Safety First: Places that are quite safe in Delhi include South-Green Park, Haus Khas, Panchsheel Park, Panchsheel Enclave, GK1 and 2, Masjid Moth, Safdarjung, Gulmohar Park, Sirifort, the Vasant Kunj DDA flats, Anand Lok, Uday Park, Niti bagh, Jangpura Extension, Saket, Friends Colony, Maharani Bagh, Sarita Vihar, Defence Colony, Anand Niketan and  Shanti Niketan. If you’re looking for a place in Central or North Delhi, look at Rajinder Nagar, Patel Nagar and Civil Lines.


Budgets: To simplify your search, work backwards. Work out how much you’d be okay spending on rent, and which part of town you’d be looking to stay in. When shortlisting properties, keep in mind that older bungalows always have cheaper rent as opposed to the new and improved builder flats. Areas of South Delhi are definitely the priciest of the lot; Gurgaon is significantly cheaper; Noida also offers a ton of options for community housing. Always account for your commute to and from work – how you are going to travel, and what its going to cost you – before choosing an area.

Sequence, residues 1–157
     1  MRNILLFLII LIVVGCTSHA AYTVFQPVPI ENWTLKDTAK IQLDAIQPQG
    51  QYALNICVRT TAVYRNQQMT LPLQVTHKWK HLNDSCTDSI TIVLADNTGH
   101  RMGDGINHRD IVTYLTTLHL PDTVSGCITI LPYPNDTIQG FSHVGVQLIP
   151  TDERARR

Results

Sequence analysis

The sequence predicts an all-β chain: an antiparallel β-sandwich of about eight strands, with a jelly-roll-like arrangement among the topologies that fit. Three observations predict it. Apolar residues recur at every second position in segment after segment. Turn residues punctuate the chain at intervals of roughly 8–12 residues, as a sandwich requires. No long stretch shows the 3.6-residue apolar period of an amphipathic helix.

Listings: JustDial, Sulekha and other such sites are just curated lists; they aren’t necessarily reliable listings. While these sites can help you with leads, unfortunately in Delhi, it is best to get a referral, so as to not get swindled. If you’re looking at or Magic Bricks, we recommend fixing up a meeting and checking out the properties. Delhi is a ‘who do you know’ kind of place, and fortunately or unfortunately, we don’t recommend trusting a listing blindly and investing money in it.